Clusters compresses files and creates space
At a Glance
Editor’s note: The following review is part of Macworld’s GemFest 2012 series. Every weekday from mid June through mid August, the Macworld staff will use the Mac Gems blog to briefly cover a favorite free or low-cost program. Visit the Mac Gems homepage for a list of past Mac Gems.
Clusters 1.5.6 is a file-compression app unlike any I’ve seen before. You tell it which folders you’d like it to compress, and it does so silently in the background. When it finishes, you should notice no difference at all—except that your total amount of free disk space is higher. Files automatically decompress as you open them.
Compressed files look and work exactly like their uncompressed versions, and can even be seen in their original size if viewed in Finder. (The Clusters preference pane shows you how much space you’ve saved.) Because Clusters relies on a low-level compression capability built into Mac OS X 10.6 Snow Leopard and later, you can even copy your files to computers without Clusters installed, or attach them to email messages, and they’ll be decompressed on the fly.
The space savings varies with the types of files you compress. I was able to get slightly less than 7 percent compression on my Applications folder, and a little more than 3 percent on my Documents folder. Those numbers may sound small, but they contributed to an overall savings of nearly 8 GB, which made a big difference on my MacBook Pro’s 500 GB drive. Within your selected folders, you can manually exclude particular files, folders, or extensions—Clusters automatically avoids items it deems unlikely to benefit from additional compression.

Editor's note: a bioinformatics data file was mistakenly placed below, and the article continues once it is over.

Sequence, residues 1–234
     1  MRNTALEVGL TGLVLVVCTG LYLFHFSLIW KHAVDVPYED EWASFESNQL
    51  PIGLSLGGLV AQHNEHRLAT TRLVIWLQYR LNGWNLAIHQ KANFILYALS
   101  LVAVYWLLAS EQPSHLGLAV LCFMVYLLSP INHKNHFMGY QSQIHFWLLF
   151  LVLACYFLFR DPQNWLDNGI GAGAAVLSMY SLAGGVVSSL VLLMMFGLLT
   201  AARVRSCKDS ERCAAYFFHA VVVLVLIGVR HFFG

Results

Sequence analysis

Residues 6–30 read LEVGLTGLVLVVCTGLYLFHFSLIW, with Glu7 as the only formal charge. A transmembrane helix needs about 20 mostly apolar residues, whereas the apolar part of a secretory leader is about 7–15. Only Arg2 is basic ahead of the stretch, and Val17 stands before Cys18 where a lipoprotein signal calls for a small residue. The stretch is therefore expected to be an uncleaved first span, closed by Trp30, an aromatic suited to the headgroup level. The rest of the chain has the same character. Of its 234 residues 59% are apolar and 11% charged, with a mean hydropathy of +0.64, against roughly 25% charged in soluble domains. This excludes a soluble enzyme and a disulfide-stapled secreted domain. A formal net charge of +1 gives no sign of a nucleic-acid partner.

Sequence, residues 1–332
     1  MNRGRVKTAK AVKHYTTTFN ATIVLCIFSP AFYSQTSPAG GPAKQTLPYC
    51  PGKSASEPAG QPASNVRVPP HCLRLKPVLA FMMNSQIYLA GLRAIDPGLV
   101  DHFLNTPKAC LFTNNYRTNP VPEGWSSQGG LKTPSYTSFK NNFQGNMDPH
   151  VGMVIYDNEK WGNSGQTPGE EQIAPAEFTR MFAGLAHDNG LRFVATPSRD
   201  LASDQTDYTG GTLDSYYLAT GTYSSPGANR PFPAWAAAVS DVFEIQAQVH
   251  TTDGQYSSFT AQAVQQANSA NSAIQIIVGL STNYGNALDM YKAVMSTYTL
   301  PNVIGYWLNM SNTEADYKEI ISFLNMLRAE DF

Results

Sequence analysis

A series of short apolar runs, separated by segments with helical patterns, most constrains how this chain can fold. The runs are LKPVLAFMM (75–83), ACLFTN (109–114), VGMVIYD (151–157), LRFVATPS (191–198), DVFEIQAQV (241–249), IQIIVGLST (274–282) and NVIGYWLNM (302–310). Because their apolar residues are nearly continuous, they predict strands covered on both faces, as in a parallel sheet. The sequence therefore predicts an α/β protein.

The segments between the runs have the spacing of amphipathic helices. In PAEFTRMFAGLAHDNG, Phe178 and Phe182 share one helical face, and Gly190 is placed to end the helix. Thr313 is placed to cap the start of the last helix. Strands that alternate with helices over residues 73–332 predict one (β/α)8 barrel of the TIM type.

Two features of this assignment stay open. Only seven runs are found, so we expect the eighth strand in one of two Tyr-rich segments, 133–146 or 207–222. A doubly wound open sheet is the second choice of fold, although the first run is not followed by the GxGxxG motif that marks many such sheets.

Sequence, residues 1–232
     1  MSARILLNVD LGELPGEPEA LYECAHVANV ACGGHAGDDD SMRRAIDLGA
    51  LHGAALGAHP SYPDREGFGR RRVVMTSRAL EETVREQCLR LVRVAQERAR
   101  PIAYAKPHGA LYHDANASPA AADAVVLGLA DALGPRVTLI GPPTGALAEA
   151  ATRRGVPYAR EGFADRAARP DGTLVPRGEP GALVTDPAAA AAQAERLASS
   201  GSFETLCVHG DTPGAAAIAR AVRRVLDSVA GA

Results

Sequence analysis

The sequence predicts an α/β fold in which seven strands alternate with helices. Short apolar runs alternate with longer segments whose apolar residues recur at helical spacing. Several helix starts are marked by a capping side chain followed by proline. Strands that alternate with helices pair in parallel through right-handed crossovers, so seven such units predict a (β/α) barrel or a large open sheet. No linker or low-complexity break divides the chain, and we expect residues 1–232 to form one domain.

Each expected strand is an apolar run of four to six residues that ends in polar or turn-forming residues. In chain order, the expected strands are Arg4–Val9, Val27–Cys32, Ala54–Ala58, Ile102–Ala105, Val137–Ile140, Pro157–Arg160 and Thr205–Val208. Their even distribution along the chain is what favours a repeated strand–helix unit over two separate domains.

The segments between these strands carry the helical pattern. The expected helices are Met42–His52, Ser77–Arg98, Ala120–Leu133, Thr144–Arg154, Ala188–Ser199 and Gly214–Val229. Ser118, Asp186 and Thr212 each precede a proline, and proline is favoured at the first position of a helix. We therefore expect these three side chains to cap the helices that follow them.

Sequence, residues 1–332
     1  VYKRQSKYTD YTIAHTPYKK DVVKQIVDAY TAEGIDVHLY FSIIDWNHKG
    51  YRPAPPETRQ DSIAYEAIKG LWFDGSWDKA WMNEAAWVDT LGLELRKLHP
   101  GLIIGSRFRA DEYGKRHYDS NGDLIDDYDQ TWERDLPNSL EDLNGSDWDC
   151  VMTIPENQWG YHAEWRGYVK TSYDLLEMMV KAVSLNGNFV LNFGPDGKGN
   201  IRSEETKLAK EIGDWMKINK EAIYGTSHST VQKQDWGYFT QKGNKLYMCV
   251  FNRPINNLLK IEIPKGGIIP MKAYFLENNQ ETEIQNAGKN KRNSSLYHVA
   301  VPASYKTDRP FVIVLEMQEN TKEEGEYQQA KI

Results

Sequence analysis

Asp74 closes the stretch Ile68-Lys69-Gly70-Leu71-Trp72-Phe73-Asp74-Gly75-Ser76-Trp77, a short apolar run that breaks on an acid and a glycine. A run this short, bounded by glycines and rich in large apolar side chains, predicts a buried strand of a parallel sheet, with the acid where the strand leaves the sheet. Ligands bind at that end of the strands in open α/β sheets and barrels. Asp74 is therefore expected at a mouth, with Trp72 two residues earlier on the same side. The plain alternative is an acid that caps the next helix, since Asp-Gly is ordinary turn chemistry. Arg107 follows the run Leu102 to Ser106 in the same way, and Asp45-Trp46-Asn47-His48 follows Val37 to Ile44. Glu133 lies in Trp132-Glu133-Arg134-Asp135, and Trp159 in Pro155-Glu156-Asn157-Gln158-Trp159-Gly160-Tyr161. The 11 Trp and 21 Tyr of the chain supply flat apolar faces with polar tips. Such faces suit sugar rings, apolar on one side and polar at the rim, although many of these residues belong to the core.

I found performance to be speedy, even on a relatively slow Mac, but you can pause compression at any time if necessary. Although the developer warned that backup programs might need to recopy items that have been compressed, I didn’t notice excessive backup activity with either Time Machine or CrashPlan.
Clusters has a few quirks. Its display of space savings is a cumulative history rather than actual current savings; if you use the app’s manual decompression feature, the amount of saved space shown doesn’t decrease. Using the uninstall feature also leaves behind numerous support files, and if you reinstall the app later, files may show a lower compression rate. Those issues aside, if you’re low on disk space, Clusters may be the most painless way to get some breathing room.
[Senior contributor Joe Kissell is the senior editor of TidBits and the author of the ebook Take Control of iCloud (TidBITS Publishing, 2012).]